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North Carolina Week: Star-Nosed Mole (Condylura cristata)

Posted on Jan 28, 2008 by in Other Orders, Theme Weeks | 11 comments

Condylura cristata
Number 0111

Continuing with the mammals of North Carolina theme, allow me to introduce you to the star-nosed mole. This fascinating fellow, as you cannot but help to notice, has 22 finger-like appendages on the end of his snout. Star-nosed moles use their “stars” to touch and sense their surroundings, as well as to cover their nostrils when they’re burrowing, keeping dirt out.

The appendages that make up the star are hairless and covered with tiny protuberances I’d never heard of called Eimer’s organs. Here’s how Animal Diversity Web describes the star-nosed mole’s Eimer organs:

Each Eimer’s organ contains 3 types of tactile receptors, 2 of which are found in the skin of other mammals. The third type is unique to the star-nosed mole and is thought to allow the mole to identify objects by their microscopic texture.

Isn’t that amazing? It can identify objects by their microscopic texture! Star-nosed moles are also semi-aquatic, and get this: they (along with water shrews and possibly other aquatic mammals) can smell underwater! Basically, they blow bubbles out their nose and into an object, then quickly inhale the bubble back again, taking in the object’s scent molecules in the process. (You can read here about how a very interesting scientist called Ken Catania figured all this out. His work with star-nosed moles actually earned him a MacArthur “genius” grant!)

Here’s an article from the website of Vanderbilt University (home of Dr. Catania) about star-nosed moles. Scroll down to the pictures near the bottom, and you’ll see three remarkable ones: a close-up view of a star-nosed mole’s nose star, an illustration that exaggerates the size of the mole’s body parts to indicate their relative importance with regard to the mole’s brain, and an image of a star-nosed mole fetus.

Take this mammal home with you!


  1. Quite a beast.

  2. Your artwork is really good. I enjoyed looking.

  3. Pretty! You’ve undertaken an amazing project…keep up the fantastic work.

  4. Just clicking around on the web looking at random blogs and am happy I found your blog..
    Vanderbilt University is here in Tennessee where I live:) Love your artwork and am happy to learn about the mole and how he feels with his star!!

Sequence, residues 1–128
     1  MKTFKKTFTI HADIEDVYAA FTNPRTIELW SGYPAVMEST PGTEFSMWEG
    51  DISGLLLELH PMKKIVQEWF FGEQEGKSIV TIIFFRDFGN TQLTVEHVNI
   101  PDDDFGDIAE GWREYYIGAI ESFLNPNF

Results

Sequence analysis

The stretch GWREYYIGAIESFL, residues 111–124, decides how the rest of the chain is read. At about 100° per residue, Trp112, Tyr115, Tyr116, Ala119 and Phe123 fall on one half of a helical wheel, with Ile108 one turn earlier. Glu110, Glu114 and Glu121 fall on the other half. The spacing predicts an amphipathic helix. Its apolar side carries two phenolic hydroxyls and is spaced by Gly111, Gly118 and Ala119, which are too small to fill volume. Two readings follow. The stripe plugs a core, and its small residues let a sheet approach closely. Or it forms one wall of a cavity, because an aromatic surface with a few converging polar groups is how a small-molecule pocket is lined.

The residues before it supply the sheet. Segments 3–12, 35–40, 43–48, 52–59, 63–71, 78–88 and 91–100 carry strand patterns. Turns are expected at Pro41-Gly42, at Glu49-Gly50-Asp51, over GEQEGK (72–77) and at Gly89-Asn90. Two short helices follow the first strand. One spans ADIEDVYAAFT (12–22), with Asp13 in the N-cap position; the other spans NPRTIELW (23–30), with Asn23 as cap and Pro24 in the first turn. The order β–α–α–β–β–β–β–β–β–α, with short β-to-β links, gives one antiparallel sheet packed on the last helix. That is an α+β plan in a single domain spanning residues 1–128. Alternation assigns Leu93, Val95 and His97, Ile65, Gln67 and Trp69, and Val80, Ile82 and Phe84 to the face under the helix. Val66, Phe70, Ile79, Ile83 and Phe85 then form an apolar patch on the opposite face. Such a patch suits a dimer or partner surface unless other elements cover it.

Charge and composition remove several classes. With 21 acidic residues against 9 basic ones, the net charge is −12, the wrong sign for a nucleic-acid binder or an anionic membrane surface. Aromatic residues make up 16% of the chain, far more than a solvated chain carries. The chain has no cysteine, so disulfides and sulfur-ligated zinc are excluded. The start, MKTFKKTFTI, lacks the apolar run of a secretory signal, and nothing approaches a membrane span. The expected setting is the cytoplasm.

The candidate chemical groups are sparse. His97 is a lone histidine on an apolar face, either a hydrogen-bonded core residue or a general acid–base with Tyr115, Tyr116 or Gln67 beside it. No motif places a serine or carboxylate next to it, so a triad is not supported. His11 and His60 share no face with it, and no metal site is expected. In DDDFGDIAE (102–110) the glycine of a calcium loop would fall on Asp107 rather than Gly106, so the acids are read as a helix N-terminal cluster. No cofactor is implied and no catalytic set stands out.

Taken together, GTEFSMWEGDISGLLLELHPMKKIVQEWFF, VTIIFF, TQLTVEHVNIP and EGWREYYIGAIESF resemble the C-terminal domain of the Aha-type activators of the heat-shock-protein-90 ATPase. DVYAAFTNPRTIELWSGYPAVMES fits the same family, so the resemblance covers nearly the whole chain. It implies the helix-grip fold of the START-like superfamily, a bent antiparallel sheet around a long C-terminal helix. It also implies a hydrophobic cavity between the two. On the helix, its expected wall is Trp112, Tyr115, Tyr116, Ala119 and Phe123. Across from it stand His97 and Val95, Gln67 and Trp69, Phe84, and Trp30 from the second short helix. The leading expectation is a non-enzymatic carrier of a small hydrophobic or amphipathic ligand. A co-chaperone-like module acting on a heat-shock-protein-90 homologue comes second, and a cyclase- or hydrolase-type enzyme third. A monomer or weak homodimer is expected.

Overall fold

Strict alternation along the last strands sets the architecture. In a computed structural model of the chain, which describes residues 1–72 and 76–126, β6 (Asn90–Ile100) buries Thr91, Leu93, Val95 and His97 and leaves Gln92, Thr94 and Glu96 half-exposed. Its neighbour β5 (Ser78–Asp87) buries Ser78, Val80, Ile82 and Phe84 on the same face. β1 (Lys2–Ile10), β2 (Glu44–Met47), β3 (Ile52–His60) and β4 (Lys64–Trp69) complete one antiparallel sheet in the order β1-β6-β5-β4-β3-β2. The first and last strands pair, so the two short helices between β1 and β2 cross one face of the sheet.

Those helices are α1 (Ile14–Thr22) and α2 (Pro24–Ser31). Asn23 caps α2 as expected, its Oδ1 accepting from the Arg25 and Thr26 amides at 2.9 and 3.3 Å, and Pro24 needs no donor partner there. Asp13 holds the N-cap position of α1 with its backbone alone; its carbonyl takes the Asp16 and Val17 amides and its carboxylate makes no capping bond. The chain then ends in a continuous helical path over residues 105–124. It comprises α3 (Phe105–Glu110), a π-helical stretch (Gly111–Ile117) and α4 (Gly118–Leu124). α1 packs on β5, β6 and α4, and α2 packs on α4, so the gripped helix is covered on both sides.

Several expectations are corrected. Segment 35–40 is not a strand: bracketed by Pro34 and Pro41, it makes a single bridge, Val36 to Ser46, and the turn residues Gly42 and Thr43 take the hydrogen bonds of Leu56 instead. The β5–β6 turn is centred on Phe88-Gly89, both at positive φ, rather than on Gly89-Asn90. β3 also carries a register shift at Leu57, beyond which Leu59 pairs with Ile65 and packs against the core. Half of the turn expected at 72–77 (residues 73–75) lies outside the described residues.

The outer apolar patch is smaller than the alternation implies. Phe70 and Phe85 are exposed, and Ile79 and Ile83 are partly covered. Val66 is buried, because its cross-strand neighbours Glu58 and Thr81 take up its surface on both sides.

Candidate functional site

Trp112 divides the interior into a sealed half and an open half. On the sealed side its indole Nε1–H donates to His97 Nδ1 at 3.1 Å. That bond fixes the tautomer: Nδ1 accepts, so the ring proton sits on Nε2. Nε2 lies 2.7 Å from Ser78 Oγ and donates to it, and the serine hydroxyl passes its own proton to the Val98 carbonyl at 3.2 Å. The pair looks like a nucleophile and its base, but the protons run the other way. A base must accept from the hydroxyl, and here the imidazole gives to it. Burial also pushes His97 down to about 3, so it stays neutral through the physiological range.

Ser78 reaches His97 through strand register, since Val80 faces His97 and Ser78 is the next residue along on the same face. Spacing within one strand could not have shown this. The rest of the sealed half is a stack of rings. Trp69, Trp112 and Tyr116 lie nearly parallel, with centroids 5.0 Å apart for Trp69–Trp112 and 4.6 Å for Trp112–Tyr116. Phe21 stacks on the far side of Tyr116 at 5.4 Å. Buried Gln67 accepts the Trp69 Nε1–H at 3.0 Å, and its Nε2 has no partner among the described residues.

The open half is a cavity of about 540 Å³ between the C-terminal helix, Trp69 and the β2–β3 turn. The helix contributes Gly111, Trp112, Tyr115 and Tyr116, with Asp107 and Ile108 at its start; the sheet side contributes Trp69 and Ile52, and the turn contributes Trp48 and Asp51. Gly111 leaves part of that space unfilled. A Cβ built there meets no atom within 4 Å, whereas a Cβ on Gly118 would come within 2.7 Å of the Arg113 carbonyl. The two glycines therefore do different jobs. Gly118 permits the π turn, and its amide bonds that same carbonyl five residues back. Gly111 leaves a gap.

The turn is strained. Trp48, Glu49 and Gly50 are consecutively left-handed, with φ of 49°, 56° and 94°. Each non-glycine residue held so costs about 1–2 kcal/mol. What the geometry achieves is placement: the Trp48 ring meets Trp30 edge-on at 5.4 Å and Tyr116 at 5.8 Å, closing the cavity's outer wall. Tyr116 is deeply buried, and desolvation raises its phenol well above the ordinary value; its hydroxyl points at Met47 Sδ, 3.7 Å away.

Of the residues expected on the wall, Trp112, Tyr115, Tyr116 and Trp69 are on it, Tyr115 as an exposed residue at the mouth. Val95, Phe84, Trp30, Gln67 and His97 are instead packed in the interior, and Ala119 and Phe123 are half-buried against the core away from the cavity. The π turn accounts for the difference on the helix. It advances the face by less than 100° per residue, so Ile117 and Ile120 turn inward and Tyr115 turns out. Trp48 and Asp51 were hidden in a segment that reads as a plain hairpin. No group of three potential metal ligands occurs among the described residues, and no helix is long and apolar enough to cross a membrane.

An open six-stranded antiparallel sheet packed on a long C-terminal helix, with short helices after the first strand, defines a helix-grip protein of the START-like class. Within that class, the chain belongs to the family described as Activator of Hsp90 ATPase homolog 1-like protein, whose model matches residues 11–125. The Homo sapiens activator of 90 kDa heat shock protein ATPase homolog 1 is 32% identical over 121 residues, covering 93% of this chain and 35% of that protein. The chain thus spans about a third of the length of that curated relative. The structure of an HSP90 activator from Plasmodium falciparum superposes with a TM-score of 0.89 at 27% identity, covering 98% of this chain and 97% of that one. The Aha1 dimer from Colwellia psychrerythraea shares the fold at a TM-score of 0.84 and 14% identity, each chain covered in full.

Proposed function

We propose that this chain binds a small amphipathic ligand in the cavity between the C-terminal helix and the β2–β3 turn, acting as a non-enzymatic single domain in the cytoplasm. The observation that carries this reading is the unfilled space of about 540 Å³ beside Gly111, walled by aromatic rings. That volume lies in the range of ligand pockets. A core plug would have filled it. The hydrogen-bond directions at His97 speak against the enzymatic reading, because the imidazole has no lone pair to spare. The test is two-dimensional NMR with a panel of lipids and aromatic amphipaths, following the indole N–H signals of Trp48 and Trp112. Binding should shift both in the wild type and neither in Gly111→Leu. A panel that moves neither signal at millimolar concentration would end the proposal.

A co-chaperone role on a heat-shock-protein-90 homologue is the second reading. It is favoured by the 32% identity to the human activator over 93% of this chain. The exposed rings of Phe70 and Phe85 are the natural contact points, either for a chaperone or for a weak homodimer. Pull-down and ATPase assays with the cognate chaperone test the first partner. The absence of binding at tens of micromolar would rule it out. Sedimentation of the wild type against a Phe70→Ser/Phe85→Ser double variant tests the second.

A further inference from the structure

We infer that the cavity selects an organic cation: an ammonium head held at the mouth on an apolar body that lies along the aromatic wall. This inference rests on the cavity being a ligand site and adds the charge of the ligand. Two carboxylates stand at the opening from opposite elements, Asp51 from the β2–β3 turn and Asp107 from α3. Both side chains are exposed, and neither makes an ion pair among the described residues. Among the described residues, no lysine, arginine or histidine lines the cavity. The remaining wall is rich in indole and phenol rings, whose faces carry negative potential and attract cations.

5. Would like to talk to you about a company I am working on. I think your artwork would fit in with exactly what it is that we are doing. We are a peace and world preservation company in the start up processes. We have an entire section on animals, and animal preservation and conservation. I would like to talk with you about options that you would be willing to do. Thank you and keep up the amazing work. Very impressive.

  6. This is a rather interesting creature. Its quite a journey exploring all the mammals and fascinating for you too. Just think of the knowledge base you’ll have after completing this project!

  7. I am an artist too. Acrylics are my medium. Its amazing you can post a draying each day. You are definitely talented

  8. I’m pleased that you’re giving NC a week.

  9. Thank you, thank you, thank you for the comments and feedback! Seriously, it means a whole lot.

    Bernie Berlin, you’re at the epicenter of cutting-edge star-nosed mole research! I’m jealous.

    Onlynmyeyes84, feel free to e-mail me with details about what you’re proposing (jr at

    Jeanette, I know! It’s crazy. I’ve only been doing this a few months, and already I’m amazed at how much there is to learn AND at how much my artwork is improving!

  10. This is incredible!
    YOur artwork is also incredible. And your commitment to animals is truly remarkable.

  11. The art work is mazing and the colour realy gives something to the anomals, i love the star nossed mole i think it is beautful the way it is and should set and example to all us humans out her

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